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Sportsnet’s Ken Reid owns over 50 Troy Gamble rookie cards — but why?

"It’s an odd flex. I might be the only guy with over 50 Troy Gambles on the face of the earth."
How many copies does one man need of Troy Gamble's rookie card from O-Pee-Chee's 1990-91 Premier set?

Troy Gamble played just 72 games in the NHL, all of them with the Vancouver Canucks. He was a decent enough goaltender for his era — you have to be to get to the NHL in the first place — but he’s not exactly a player whose hockey card you’d be excited to get in a pack.

Unless you’re Ken Reid.

Reid is familiar to sports fans across Canada as the co-anchor of Sportsnet Central but he’s also an avid hockey card collector and has even written two books where he interviews players about the stories behind their cards. His extensive collection includes some cards that would be the envy of any collector, including a Wayne Gretzky rookie card, even if it’s not in the best condition.

A hometown hero

Perhaps the most unusual corner of his collection, however, is devoted to a relatively unknown Canucks backup goaltender from the early nineties.

“O-Pee-Chee Premier Troy Gamble rookie cards,” says Reid, hoisting up a fistful of the cards in protective sleeves to show the camera — just a selection of the over 50 copies of the exact same card that he owns.


It’s an unusual card for a collector to obsess over but it holds a special place in Reid’s heart.

“He’s from my neck of the woods in Nova Scotia. When we were kids, nobody from my town played in the NHL,” says Reid. “Troy was a guy from Pictou County who left to play in Medicine Hat and ended up getting drafted in ‘85 by the Canucks. He instructed at my local hockey school — I still have my certificate in my closet with his signature on it.”

Gamble was a star for the Medicine Hat Tigers, winning the WHL’s Top Goaltender award in his draft year and a First-Team All-Star. Heading into the 1985 draft, NHL Central Scouting rated Gamble as the best goaltender available, ahead of Mike Richter, Bill Ranford, and Sean Burke, so the Canucks were thrilled to select him in the second round. 

Back in Nova Scotia, Reid and his friends were keeping a close eye on the hometown hero, hoping he would someday make the NHL. They didn’t have to wait long. 

Gamble made his NHL debut at just 19 years old, making him the youngest goaltender in Canucks history. He was an emergency call-up after Richard Brodeur sprained his knee and the Canucks’ AHL goaltender, Frank Caprice, couldn’t make it to the game in time. Gamble was thrown into action against the Great One himself, Wayne Gretzky, who promptly scored career goals 498 and 499 against the fresh-faced kid from New Glasgow.

Gretzky completed the hattrick for his 500th career goal but Gamble wasn’t in net for that one. Head coach Tom Watt had pulled Gamble for the extra attacker, so number 500 went into an empty net.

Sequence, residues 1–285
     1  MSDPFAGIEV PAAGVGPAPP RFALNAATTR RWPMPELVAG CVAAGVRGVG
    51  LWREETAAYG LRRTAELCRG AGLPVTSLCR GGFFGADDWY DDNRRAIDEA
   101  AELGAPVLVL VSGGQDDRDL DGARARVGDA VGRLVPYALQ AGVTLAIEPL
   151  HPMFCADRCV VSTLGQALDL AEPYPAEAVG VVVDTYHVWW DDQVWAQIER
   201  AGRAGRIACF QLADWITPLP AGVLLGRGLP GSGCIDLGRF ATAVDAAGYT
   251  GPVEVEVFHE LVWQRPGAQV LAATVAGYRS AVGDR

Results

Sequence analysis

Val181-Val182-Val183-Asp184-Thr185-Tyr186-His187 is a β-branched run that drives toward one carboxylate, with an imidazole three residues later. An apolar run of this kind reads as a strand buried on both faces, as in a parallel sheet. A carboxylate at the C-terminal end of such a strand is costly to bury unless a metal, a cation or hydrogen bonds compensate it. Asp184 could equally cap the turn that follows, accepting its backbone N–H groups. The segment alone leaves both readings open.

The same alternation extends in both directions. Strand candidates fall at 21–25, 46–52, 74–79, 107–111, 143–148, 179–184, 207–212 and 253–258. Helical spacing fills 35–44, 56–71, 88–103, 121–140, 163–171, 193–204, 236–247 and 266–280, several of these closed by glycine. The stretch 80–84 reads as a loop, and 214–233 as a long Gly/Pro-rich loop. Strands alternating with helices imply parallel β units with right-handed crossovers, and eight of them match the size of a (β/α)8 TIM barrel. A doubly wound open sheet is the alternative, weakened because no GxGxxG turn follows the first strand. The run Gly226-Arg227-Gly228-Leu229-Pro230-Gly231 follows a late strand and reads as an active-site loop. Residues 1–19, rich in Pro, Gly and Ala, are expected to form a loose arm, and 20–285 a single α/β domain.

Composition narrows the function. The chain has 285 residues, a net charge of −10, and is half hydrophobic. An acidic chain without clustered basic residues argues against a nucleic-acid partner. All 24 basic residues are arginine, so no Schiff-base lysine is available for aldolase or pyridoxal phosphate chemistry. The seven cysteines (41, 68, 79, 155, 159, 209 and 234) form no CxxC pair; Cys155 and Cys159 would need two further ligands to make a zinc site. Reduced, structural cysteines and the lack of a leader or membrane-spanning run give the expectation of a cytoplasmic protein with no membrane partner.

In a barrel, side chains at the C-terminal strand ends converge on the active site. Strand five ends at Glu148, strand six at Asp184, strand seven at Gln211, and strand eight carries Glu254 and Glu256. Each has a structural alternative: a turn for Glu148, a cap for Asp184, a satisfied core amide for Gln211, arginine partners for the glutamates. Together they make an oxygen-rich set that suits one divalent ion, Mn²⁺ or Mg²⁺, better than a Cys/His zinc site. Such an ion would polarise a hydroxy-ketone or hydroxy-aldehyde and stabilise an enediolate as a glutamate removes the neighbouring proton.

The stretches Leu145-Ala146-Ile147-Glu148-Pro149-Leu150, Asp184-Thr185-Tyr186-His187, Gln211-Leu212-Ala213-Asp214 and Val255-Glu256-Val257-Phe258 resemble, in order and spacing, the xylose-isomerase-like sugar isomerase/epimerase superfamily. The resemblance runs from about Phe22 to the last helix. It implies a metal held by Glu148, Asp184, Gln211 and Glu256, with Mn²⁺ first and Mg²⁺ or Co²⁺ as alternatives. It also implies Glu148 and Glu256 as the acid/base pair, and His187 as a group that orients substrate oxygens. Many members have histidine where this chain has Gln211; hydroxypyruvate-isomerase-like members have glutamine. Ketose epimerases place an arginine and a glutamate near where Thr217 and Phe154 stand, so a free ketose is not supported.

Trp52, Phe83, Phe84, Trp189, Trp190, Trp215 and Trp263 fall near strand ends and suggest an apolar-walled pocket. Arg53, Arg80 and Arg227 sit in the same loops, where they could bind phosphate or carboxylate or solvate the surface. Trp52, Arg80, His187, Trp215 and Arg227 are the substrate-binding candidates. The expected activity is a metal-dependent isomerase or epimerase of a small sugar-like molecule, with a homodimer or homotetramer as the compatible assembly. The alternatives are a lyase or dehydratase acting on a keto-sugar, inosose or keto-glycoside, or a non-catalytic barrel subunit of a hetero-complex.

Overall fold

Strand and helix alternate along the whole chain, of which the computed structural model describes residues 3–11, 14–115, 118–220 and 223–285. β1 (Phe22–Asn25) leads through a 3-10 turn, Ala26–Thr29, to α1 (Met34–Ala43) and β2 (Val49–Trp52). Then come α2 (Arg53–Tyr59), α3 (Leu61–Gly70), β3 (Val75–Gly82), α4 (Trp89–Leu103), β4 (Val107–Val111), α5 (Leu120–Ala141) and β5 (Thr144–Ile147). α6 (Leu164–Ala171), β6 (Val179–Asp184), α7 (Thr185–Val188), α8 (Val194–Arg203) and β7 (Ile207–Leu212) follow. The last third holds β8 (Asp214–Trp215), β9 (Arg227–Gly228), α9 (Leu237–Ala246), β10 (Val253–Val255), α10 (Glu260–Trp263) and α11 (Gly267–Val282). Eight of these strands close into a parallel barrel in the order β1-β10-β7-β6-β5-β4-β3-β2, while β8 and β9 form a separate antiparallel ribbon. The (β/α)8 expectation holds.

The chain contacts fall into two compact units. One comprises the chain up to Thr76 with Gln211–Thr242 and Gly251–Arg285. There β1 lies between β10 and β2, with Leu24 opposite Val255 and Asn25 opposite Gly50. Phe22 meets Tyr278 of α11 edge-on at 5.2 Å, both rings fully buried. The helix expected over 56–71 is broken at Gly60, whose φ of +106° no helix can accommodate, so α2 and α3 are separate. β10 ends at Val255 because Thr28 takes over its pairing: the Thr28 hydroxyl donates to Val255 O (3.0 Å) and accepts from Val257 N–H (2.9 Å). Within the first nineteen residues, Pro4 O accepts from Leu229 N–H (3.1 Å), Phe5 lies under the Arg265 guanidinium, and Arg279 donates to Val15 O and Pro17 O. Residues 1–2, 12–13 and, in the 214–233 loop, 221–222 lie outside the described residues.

“I didn’t want my claim to fame to be Gretzky’s 500th goal,” said Gamble at the time. “I didn’t have any idea until it went up on the scoreboard and they came flying off the bench.”

"It was probably going for five or ten bucks in our neighbourhood"

It wasn’t until four years later in 1990 that Gamble got his first-ever NHL hockey card. His rookie card became a hot commodity in Pictou County.

“O-Pee-Chee Premier was the hottest set going and you could not find it — it was scarce,” says Reid. “It was probably going for five or ten bucks in our neighbourhood.” 

Although Gamble’s run in the NHL was short-lived, his rookie card stuck in Reid’s memory. When he grew nostalgic for his childhood hobby and started taking card collecting more seriously, it was only natural that he looked for that scarce Troy Gamble card. Only, it wasn’t quite as scarce — or expensive — as when he was a kid.

“I'm pretty sure I probably paid like a quarter or 50 cents for each of these,” says Reid. “It’s funny, as a kid you want these so bad but you can’t find them. As an adult, they’re very plentiful and, the next thing you know, you’ve got tons of them.”

It wasn’t enough to just buy one Troy Gamble card or even just two for safety. Soon, Reid had dozens of them, even getting his most pristine card professionally graded by PSA as a perfect 10.


A post shared by Ken Reid (@kenreidsportsnet)

Reid can’t quite fully explain why he kept buying Troy Gamble rookie cards but at least it was a relatively inexpensive way to fuel his nostalgia.

“It’s just a way to maybe do something you always wanted to do as a kid, to get that Troy Gamble card that you never had,” said Reid. “And now I’ve got 50 copies of it — why I got 50, I don’t know, but why not, right?

“It’s an odd flex. I might be the only guy with over 50 Troy Gambles on the face of the earth.”

For Reid and many other collectors, that’s what hockey cards are all about: capturing an element of their youth. It can be all too easy to become jaded and lose the love you have for sports and athletes, especially for someone who has made his career in sports broadcasting. When sport becomes a job, that innocent element of being a fan can be lost.

“It’s remaining a kid at heart and trying to love the game in the same way that you did when you were 10 years old,” said Reid. “When I was a kid, if you threw 50 Troy Gambles in front of me, I’d be in heaven.

“If I’ve got the ability to make my inner 10 or 15-year-old very happy, why not do it at a quarter or 50 cents a card?”